The sample size was calculated using the single population proportion formula with the following assumptions. The proportion of teenage pregnancy among 15-19 years of age females in Ethiopia (20.4%)  was taken from the previous study with a 5% margin of error and 95% confidence interval. Lastly, by considering a 10% nonresponse rate, and a design effect of 2, the final sample size obtained was 542. A multistage sampling technique was employed in order to select study units. First, out of the 35 kebeles, six were selected randomly, to represent 20% of the district population. Then, to each selected kebele, we allocated the sample size by considering the proportional allocation technique. Finally, study units were randomly selected at the household level using the lottery method.
2.5. Study Variables
2.5.1. Dependent Variable
2.5.2. Independent Variables
Sociodemographic variables, like age, sex, marital status, education, occupation, and income were considered. History of sexual and reproductive health, like age at first sexual intercourse, early marriage, contraceptive use, perception on teenage pregnancy, family income, family education, peer pressure, and casual sex assessed.
2.6. Operational Definition
Teenage pregnancy: pregnancy in adolescents 15-19 years who believe that they are pregnant and confirmed by a health care providers.
2.7. Data Collection Instruments and Procedures
Data were collected using a pretested, structured, interviewer-administered questionnaire which was first prepared in English and translated into Amharic (the local language) by a language expert. Then, the Amharic version was again translated back to English to check for consistency. The structured, interviewer-administered questionnaire was adapted from the WHO (Illustrative-questionnaire for interview survey with young people developed by John Cleland) standard tool which was developed to assess the sexual and reproductive health of adolescents and youth. Appropriate modifications were made to fit with the local set up. In addition we conducted a pretest and we have made some simple analysis to see if we can address the desired objectives or not, from the results of the pretest. Moreover, some language corrections and rearrangements on the order of questions were made to keep the logical flow of the questions, based on the comments from the pretest we got. Four data collectors, with Bachelor’s degrees in nursing and data collection experience were recruited. One supervisor, with a master’s of public health was employed. The supervisor and data collectors were females chosen in order to minimize participant discomfort. A one day training was given to data collectors and the supervisor to help them know the objective and the relevance of the study and the rights of the respondents either to participate or decline.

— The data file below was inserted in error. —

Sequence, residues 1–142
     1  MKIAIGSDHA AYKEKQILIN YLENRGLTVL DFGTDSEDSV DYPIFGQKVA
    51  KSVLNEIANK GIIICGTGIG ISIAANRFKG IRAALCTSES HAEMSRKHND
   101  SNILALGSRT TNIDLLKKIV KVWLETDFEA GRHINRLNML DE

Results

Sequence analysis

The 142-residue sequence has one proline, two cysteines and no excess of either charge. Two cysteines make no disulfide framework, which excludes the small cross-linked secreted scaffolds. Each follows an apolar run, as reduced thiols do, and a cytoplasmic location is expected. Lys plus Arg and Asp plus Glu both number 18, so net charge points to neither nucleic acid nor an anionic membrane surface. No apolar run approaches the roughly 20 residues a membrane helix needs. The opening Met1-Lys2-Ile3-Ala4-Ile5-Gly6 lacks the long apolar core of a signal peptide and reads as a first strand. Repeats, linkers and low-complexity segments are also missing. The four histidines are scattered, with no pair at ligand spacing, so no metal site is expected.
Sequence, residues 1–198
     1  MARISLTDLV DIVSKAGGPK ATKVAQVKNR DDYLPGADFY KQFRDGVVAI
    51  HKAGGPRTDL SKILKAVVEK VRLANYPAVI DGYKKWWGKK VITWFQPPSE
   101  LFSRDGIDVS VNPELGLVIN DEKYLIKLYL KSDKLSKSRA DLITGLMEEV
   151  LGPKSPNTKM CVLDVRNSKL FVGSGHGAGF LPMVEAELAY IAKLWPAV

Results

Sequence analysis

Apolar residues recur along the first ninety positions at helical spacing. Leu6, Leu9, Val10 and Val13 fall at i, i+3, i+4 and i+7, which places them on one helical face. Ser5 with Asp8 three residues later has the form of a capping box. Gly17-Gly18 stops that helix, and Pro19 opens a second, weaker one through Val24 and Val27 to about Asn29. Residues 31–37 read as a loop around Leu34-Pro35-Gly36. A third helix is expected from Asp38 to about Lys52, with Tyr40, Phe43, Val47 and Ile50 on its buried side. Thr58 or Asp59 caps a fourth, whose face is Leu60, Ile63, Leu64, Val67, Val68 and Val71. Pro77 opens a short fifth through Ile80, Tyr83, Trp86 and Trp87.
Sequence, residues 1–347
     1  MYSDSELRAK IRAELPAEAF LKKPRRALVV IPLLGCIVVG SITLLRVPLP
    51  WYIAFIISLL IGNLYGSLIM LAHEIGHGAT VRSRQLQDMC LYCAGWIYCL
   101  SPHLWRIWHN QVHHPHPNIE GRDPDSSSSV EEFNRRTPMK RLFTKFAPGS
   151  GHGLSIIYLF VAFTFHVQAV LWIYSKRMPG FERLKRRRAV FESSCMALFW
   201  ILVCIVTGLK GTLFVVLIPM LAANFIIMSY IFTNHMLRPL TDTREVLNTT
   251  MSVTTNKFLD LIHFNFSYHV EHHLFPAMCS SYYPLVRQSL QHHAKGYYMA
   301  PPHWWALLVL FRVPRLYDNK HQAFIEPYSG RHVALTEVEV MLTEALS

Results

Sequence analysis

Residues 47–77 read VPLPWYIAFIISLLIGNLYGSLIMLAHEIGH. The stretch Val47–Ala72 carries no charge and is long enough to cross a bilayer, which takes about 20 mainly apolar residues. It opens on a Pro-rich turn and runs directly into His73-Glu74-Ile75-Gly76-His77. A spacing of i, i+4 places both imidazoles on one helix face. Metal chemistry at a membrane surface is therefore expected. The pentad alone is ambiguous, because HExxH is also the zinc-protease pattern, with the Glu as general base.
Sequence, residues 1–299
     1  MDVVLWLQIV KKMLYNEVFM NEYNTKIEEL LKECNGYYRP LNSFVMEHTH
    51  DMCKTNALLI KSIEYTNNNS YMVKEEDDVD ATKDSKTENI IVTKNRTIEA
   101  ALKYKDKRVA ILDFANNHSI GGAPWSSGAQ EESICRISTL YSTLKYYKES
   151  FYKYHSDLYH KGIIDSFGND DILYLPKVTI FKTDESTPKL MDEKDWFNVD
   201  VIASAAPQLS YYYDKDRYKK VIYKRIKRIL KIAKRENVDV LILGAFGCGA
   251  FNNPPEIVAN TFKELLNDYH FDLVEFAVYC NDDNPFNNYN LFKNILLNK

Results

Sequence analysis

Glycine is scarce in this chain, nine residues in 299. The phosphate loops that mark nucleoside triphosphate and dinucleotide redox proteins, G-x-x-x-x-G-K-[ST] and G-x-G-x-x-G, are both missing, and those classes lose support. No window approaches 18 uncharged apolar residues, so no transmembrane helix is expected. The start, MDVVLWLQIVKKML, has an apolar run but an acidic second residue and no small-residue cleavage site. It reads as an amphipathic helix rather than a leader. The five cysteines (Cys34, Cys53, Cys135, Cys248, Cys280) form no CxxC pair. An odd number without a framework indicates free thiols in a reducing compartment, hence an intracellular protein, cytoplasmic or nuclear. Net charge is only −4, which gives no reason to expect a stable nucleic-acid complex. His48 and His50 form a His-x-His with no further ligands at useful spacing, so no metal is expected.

2.8. Data Management
Data manually checked by the investigators were entered and cleaned using EPI info data version 7 and exported to SPSS version 20 for further analysis. Descriptive statistics like frequencies, percentages, and means were computed. Bivariable analyses were carried out to examine the relationship between teenage pregnancy and each explanatory variable. All explanatory variables that were statistically significant at the Bivariable model at <0.2 p-value were included in the multivariate logistic regression model to see the real determinants of teenage pregnancy. Adjusted odds ratios with a 95% confidence interval were computed, and variables with a p-value <0.05 in the Multivariate Model were considered as statistically significant.